Plateia Koumoundourou, standing outside Syriza headquarters. The bulding behind the trees is the Athens Art Gallery, the church in the foreground is the Greek Orthodox Agii Anargyroi (Holy Unmercenaries), while the church that looks further away is the Armenian Orthodox Cathedral. For the locaiton of Plateia Koumoundourou, click here.
Lastly, the Chinese traders in the region are thriving. All the SMEs and wholesalers based in Evripidou Street [behind Plateia Koumoundourou to the left] rent out their premises and hand over their shops to Chinese traders. It is disturbing the balance of the neighborhood so much that soon, when we want to buy bread, we will only find pyjamas and slippers. This is happening in the center of Athens, in the district of Psirri, 50 meters from the City Hall of Athens and 500 meters from the Greek Parliament. Despite the problems, we love our region, as the heart of the city beats there, and we try through the Panathinea cultural association  to keep this neighborhood alive. Still, we hope that schools will be built schools here and the playground will return. We hope that tomorrow will be a better day for all the residents, workers and professionals of the area.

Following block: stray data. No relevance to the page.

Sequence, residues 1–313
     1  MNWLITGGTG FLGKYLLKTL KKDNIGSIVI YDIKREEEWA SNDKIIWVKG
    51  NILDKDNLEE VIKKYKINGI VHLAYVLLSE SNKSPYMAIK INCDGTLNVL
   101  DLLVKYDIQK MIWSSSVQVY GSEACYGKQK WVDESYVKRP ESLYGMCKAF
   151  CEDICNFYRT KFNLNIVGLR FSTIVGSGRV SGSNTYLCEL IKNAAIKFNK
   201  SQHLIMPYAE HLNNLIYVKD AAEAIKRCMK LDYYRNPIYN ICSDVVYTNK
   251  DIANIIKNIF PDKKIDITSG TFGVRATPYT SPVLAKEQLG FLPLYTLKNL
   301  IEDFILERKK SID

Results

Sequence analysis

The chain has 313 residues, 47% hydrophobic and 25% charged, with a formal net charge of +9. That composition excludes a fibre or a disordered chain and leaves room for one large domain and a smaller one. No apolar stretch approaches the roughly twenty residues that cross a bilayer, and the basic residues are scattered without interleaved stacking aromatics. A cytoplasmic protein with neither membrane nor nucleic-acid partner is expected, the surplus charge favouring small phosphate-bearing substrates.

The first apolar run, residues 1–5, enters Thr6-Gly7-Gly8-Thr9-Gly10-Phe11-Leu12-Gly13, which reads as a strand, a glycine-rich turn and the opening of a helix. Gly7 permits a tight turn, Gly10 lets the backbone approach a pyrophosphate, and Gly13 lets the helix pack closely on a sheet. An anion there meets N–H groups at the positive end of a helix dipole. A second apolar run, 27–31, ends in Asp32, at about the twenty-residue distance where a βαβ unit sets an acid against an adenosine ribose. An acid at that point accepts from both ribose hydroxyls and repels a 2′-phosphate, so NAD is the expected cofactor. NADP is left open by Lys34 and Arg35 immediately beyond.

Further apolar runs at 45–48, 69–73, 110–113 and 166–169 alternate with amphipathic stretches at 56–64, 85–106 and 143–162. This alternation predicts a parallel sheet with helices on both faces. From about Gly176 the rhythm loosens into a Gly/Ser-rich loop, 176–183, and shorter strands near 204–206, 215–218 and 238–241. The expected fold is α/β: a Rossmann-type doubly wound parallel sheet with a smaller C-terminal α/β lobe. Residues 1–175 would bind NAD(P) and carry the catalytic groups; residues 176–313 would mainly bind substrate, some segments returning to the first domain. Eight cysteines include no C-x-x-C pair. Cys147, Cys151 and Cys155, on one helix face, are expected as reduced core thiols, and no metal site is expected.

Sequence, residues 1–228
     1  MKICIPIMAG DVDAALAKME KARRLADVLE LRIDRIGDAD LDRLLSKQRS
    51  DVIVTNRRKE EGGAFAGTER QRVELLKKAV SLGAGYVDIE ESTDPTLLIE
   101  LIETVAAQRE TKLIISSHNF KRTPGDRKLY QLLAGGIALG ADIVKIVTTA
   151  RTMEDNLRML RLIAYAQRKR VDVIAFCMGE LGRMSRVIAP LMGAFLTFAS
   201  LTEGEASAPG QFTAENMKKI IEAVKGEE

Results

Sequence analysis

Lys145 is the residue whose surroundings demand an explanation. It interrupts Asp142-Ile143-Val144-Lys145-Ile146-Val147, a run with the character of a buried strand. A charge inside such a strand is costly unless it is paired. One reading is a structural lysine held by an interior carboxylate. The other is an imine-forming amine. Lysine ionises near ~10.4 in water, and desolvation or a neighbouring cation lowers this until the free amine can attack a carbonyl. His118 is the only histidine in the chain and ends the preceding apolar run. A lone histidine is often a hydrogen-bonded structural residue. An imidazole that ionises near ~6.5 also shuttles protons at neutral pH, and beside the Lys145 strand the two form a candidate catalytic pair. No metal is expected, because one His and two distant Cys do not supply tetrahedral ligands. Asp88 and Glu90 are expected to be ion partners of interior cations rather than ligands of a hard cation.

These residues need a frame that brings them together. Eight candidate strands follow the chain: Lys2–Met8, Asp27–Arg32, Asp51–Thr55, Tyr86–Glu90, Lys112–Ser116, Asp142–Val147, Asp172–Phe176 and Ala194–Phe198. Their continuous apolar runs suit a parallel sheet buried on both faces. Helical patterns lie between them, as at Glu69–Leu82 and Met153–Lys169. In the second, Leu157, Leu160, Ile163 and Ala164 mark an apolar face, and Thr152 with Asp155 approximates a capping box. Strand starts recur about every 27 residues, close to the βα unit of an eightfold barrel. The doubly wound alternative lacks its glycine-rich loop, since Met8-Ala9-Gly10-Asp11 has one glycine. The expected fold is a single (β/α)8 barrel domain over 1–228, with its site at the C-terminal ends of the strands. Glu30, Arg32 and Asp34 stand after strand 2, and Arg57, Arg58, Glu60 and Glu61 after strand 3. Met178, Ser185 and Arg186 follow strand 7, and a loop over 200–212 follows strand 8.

The playground has indeed returned on Plateia Koumoundourou, but I highly doubt that schools have been built here. The area is so run down that it is difficult to spruce it up without a thorough demolishment, something that few people will be willing to allow to go ahead. For the time being, Plateia Koumoudourou will continue to exist with most of its problems unresolveds.

I really didn't need to venture anywhere near Koumoundourou Square on my recent visit. If I wanted to, I could have taken the high-speed super-clean Attiko Metro with its archaeologically-rich stations (although I would have had to transfer to a bus at the end of the metro line at some point). But Koumoundourou Square has always been part of my psyche since I came to Greece. Its lost-looking immigrants reminded me of my parents' lost looks as they tried to fit into a country they were never comfortable living in. I don't continually look back to my past, but it still forms a major part of my identity. I wanted to give my children a chance to walk through this relatively unknown and often feared area without the prejudices it is associated with. Who knows, they may even need to frequent it at some point in time in the future, following their mother's footsteps.

*OXI - since the Greek referendum, the global world is now familiar with the Greek word for NO.